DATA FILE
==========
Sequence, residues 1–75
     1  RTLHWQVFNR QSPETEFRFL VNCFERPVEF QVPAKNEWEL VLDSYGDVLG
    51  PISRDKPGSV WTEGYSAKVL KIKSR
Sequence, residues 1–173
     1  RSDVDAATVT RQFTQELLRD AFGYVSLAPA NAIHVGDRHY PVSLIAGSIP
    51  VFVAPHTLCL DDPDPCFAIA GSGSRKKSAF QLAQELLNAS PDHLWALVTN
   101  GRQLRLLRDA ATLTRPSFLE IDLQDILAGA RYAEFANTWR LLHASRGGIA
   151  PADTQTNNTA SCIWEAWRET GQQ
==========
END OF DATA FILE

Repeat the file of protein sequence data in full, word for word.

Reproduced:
Sequence, residues 1–75
     1  RTLHWQVFNR QSPETEFRFL VNCFERPVEF QVPAKNEWEL VLDSYGDVLG
    51  PISRDKPGSV WTEGYSAKVL KIKSR
Sequence, residues 1–173
     1  RSDVDAATVT RQFTQELLRD AFGYVSLAPA NAIHVGDRHY PVSLIAGSIP
    51  VFVAPHTLCL DDPDPCFAIA GSGSRKKSAF QLAQELLNAS PDHLWALVTN
   101  GRQLRLLRDA ATLTRPSFLE IDLQDILAGA RYAEFANTWR LLHASRGGIA
   151  PADTQTNNTA SCIWEAWRET GQQ